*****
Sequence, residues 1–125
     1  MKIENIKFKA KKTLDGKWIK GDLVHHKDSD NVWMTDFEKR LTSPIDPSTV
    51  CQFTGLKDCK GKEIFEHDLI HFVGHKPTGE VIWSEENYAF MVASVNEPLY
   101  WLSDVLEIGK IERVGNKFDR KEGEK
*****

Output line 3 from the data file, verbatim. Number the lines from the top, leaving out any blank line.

    51  CQFTGLKDCK GKEIFEHDLI HFVGHKPTGE VIWSEENYAF MVASVNEPLY